Thursday, October 8, 2020

Video about EIRSAT-1: Ireland’s first satellite (NOT AMATEUR RADIO RELATED)

EIRSAT-1 is Ireland’s first satellite and a team of students in University College Dublin (UCD) are designing, building, testing and will launch this satellite as part of the European Space Agency (ESA) Fly Your Satellite! Programme.

EIRSAT-1 stands for the Educational Irish Research Satellite 1. It is a satellite about the size of a shoe box, called a CubeSat and will be controlled from a ground station on the roof of the UCD School of Physics and collect data from the three science experiments on-board.

The first experiment is a novel gamma-ray detector, GMOD, which is being developed in UCD. GMOD will detect gamma-rays from both cosmic and atmospheric phenomena. 

The second experiment, EMOD, consists of a payload developed with Irish company, ENBIO Ltd., to monitor the in-flight performance of their thermal spacecraft treatments, SolarWhite and SolarBlack. 

The third experiment, Wave Based Control (WBC), is a novel attitude control algorithm, developed in the UCD School of Mechanical and Materials Engineering, which will be tested for the first time in space on EIRSAT-1.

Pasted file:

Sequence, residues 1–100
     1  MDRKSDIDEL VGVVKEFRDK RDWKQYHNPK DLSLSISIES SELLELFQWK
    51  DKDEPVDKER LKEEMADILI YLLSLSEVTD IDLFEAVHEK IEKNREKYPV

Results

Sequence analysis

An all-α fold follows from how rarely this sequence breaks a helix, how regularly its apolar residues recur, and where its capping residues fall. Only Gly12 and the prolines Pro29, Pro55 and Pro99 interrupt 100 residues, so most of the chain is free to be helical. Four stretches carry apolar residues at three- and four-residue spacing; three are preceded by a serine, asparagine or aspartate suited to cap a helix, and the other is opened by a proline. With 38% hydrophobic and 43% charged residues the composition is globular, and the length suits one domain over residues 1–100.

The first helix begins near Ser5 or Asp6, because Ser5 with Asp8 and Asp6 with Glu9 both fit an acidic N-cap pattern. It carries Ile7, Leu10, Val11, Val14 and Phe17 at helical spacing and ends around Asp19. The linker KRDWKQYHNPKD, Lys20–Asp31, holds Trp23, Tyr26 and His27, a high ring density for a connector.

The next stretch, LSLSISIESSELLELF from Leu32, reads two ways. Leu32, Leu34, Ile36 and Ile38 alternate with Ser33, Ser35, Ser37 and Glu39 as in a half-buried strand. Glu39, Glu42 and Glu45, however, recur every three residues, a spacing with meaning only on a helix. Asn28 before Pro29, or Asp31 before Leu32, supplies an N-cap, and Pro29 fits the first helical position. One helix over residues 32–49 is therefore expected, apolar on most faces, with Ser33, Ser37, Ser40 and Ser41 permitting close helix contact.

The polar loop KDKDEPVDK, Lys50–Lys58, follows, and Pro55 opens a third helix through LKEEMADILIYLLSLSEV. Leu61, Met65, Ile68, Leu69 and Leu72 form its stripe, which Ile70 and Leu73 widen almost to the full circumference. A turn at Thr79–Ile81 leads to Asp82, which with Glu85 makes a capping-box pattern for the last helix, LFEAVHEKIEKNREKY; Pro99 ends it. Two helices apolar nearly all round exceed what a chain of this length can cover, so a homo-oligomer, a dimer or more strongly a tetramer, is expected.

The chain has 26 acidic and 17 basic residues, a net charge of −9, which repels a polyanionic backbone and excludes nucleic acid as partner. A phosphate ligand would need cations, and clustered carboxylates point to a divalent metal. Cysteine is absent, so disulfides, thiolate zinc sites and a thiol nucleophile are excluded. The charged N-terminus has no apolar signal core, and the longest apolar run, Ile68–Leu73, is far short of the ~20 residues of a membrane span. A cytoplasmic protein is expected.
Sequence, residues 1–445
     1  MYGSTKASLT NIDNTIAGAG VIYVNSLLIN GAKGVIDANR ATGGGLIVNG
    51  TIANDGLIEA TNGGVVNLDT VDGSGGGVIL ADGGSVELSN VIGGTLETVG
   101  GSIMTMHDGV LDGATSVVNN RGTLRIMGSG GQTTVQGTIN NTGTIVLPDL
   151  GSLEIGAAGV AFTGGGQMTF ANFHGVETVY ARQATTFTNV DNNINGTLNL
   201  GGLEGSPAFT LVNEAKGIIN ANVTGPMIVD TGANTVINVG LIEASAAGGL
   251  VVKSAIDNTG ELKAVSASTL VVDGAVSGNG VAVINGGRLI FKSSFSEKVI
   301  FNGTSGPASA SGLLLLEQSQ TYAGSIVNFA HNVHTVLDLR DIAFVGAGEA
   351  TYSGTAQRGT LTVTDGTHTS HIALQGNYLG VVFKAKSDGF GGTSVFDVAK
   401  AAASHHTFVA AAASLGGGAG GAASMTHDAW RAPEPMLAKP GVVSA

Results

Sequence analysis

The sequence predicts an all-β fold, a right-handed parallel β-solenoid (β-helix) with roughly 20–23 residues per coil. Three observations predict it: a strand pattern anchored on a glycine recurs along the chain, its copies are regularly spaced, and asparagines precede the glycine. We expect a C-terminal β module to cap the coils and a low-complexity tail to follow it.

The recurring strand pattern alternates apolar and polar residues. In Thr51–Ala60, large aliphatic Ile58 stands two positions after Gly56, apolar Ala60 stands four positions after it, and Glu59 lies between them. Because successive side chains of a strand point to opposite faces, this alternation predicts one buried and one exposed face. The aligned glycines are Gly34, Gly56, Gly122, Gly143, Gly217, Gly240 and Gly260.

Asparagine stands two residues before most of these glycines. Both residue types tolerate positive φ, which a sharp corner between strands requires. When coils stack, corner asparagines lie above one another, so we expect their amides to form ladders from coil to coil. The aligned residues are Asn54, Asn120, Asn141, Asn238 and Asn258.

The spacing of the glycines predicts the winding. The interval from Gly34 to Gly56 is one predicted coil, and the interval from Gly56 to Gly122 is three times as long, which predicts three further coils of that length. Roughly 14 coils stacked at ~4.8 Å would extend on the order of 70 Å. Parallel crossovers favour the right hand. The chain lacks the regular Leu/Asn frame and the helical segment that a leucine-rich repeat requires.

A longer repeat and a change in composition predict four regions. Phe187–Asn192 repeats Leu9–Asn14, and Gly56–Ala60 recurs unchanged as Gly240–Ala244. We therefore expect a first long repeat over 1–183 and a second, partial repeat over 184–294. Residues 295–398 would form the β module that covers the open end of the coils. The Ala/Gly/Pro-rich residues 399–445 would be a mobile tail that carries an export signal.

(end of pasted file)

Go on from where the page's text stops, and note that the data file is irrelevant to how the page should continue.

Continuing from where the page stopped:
The satellite was due o be delivered to the European Space Agency (ESA) in 2020 but this will probably be delayed due to the COVID-19 pandemic. Once launched, it is expected to last 6 to 12 months.

The video below gives a good overview of the project...

Some RF info...

On-board Communications: The on-board CMC (Common Mode Current) transceiver is the space-qualified CPUT VUTRX transceiver supplied by ClydeSpace. The communications system uses UHF downlink (430-440 MHz) and VHF uplink (140-150 MHz) bands. The transceiver provides 9600 baud downlink and 1200 baud uplink, and implements a GMSK downlink and AFSK uplink configuration. The AX.25 protocol is used for uplink packets, while a CCSDS convolutional encoder may be used for downlink. 

ADM (Antenna Deployment Module): EIRSAT-1 will use a custom ADM designed and built at UCD which will be mounted on the -Z end of the satellite deploys two dipole antennas, one for UHF downlink and one for VHF uplink. Both dipoles are composed of two tape spring antenna elements, deployed from opposite sides of the module, as seen in many previous and COTS antenna designs. The elements are 5 mm wide, made from a Copper Beryllium alloy and attached to spring loaded doors at each side of the module. They are coiled inside the ADM before deployment, within the 7 x 100 x 100 mm overall dimensions of the module. When EIRSAT-1 is clear of the CubeSat deployer the ADM will activate a burn wire release mechanism allowing the module doors to open and the elements to uncoil into their operational positions and stay in that configuration for the remainder of the mission.

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